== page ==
“No one ever talks about the moment you found out that you were white. Or the moment you found out you were black. That’s a profound revelation. The minute you find that out, something happens. You have to renegotiate everything. And that’s a profound psychological moment.”

-Toni Morrison, The Salon Interview by Zia Jaffrey 1998

How Children Relate to Race 

Three Common Beliefs:

  • Children are much more open than adults to people of different colors. 
  • Children are colorblind. 
  • Children are too young to be interested or to understand race related issues. 

These beliefs have been proven incorrect by social scientists since the 1940s. Worse, these beliefs keep us from honestly addressing racism with children.

A First: The first study addressing this issue is the famous “Doll Test” (Clark & Clark 1947). Drs. Clark demonstrated that children as young as three show a preference for white dolls, associating them with positive characteristics. It is important to note that the children were African American. Drs. Clark saw proof of integrated low self-esteem among young African American children.

Findings: Children integrate the explicit and implicit racist ideas and imagery that surround them. 

Another important study: (Monteiro et al 2009) involved 283 White children aged six to seven and nine to ten years old. The children were asked to allocate money to White and Black children sometimes with a White adult in the room and sometimes with no adult in the room, to see if having an adult present influenced their behavior. The presence of an adult is viewed as an expression of an anti-racist social norm. The researchers found that the younger group of children aged 6- to 7-year-old discriminated against Black children in both conditions, while the older group discriminated only when no adult was present. 

Findings: The conclusion is that older children learned to hide racism from adults.

The Important Takeaways:

  1. Children integrate the explicit and implicit racist ideas and imagery that surrounds them. 
  2. Children as young as two or three can use racial categories to understand the world.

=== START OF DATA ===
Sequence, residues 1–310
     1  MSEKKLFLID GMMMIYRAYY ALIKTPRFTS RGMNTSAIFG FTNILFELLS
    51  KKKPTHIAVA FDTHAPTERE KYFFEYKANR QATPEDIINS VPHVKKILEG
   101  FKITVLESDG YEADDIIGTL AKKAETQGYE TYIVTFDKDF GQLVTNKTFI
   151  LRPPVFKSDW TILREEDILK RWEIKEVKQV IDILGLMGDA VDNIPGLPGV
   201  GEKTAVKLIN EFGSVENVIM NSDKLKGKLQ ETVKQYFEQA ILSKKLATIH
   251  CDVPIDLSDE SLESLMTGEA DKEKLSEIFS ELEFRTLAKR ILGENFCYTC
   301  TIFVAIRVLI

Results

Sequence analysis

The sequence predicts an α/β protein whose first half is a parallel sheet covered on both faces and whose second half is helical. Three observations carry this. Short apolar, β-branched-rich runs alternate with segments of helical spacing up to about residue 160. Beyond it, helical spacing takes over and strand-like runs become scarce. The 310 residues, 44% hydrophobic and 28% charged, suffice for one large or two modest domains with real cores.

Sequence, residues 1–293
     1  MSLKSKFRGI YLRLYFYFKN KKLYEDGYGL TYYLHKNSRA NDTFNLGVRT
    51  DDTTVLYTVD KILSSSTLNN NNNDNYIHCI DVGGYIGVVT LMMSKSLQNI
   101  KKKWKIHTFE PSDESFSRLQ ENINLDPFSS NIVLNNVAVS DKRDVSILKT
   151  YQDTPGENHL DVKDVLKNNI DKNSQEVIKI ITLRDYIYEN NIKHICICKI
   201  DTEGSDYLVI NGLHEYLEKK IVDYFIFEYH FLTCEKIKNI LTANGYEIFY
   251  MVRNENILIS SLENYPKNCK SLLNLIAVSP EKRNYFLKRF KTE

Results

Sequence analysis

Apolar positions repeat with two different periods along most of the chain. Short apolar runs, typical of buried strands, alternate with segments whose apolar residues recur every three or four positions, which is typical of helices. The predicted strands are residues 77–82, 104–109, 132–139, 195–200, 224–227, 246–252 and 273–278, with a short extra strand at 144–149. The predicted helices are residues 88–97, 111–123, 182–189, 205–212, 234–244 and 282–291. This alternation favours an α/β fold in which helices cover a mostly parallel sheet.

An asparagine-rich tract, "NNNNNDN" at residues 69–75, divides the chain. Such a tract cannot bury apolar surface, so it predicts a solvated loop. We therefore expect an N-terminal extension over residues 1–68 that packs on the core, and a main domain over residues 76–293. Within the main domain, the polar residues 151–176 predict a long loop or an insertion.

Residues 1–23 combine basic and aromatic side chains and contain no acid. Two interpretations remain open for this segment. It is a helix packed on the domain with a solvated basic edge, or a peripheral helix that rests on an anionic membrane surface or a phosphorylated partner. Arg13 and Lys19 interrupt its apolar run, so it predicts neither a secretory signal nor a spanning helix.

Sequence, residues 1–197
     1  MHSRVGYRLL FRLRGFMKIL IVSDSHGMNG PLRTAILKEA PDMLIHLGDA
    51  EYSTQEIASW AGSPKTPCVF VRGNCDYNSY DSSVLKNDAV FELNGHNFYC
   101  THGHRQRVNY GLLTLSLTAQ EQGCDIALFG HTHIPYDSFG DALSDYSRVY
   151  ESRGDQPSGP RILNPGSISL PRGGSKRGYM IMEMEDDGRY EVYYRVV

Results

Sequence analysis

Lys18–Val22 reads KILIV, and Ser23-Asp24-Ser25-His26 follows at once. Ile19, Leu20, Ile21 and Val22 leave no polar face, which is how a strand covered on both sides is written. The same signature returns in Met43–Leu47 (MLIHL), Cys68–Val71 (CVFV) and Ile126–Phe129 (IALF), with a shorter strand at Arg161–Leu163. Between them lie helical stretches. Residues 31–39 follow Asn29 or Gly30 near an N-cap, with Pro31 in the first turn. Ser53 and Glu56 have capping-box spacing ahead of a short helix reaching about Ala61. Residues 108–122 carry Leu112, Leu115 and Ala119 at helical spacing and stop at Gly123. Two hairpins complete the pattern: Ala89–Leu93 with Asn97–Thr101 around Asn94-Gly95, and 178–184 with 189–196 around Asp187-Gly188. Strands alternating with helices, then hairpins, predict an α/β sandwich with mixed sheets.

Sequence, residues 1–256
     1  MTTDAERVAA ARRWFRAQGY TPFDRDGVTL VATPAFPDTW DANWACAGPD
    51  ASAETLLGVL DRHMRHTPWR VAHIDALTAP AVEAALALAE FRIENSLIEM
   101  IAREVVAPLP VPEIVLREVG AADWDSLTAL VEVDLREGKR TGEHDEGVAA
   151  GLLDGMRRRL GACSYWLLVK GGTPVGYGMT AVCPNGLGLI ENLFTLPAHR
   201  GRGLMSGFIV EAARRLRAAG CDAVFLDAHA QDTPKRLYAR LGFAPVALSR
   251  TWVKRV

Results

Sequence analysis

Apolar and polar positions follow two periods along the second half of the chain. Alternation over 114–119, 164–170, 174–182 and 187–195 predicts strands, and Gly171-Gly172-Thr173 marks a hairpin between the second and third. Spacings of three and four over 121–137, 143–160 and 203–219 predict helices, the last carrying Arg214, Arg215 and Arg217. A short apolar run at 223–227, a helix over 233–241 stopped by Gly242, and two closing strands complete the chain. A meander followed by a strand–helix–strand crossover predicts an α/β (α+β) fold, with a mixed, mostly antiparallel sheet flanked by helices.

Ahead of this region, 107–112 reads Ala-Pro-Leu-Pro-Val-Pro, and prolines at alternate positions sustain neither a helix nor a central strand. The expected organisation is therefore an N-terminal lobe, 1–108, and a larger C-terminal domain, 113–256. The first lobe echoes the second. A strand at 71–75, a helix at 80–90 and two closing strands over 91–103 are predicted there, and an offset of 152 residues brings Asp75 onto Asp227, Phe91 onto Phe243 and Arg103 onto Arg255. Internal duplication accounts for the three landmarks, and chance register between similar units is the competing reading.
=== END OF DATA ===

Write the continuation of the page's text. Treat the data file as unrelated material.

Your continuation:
3. Older children learn to hide racism from adults.

Here is the foundation we are working from:

  • Children and even toddlers see colors like all of us.
  • Children live like us in a society plagued by systemic racism.
  • Children understand the difference between ‘what we say we should do’ and ‘what we really do’.
  • When we silence children on race related issues, we teach them to become “ColorSilent”.
  • When we tell our children that they shouldn’t be prejudiced without further discussion, modeling or learning, what we are really telling them is that they should deny and hide their prejudice like we are denying and hiding our prejudices.
  • We all have conscious or unconscious prejudices. 

So, how can we support children?

Practice the Five Habits with the Children in your life! 

We were not taught skills for addressing these issues. We need to break the cycle of racism by creating a new culture of awareness that builds inclusion, equity, courage and honesty for all people. The Five Habits offer a framework towards that shift. 

Here is how it can work:

  1. Habit 1: ADDRESS race as often as possible. Make it systematically visible when you read a book or watch something together. You can talk about differences and similarities in skin, eyes and hair color. If you NOTICE confusion in the child’s perception of their racial identity, gently encourage them to observe. 
  2. Habit 2: ASK questions instead of lecturing. You can also USE THEIR OWN EXPERIENCES at school or with their friends and support them to solve issues of inequity or inclusion (not necessarily race based).
  3. Habit 3: SELF-REFLECT on what the potential gap may be between what you are preaching and what you are modeling.
  4. Habit 4: Avoid books that are racially problematic or that passively victimize BIPOC. When you are faced with a problematic message or picture USE IT as an opportunity to ask your child some questions and discuss how what they are seeing is problematic. INCLUDE other people’s perspective and stories of resilience and resistance.   
  5. Habit 5: MODEL working on your own prejudices. Model not being perfect, so they won’t hide their thoughts from you. USE HUMOR when you can. Tell them about your work practicing the Five Habits, reading books, taking online courses or implicit bias tests. 

This is a dance where perfection does not exist, so do it your own way. At first it will feel bizarre, but as you practice talking about it regularly, you will find your unique way to bring up this important issue. 

The goal is for children to feel safe enough to work through their prejudices with us without feeling guilt or shame. 



Is my skin brown because I drank chocolate milk?. Dr. Tatum, TEDx Talks (2017). 

Why and How to Talk to Young Kids about Race. Dr. Russel, EmbraceRace (2021). 


Clark, K.B. & Clark M.P. (1947). Racial Identification and preference in negro children. E. L. Hartley (Ed.) Readings in Social Psychology. New York: Holt, Rinehart, and Winston.

Derman-Sparks, L. (2012). Stages in Children’s development of Racial/ Cultural Identity and Attitudes.

Monteiro MB., de França DX., Rodrigues R. (2009). The development of intergroup bias in childhood: how social norms can shape children’s racial behaviours. Int J Psychol.

Quintana, SM., & McKnown, C. (Eds). (2008). Handbook of Race, Racism and the Developing Child. John Wiley & Sons, Inc.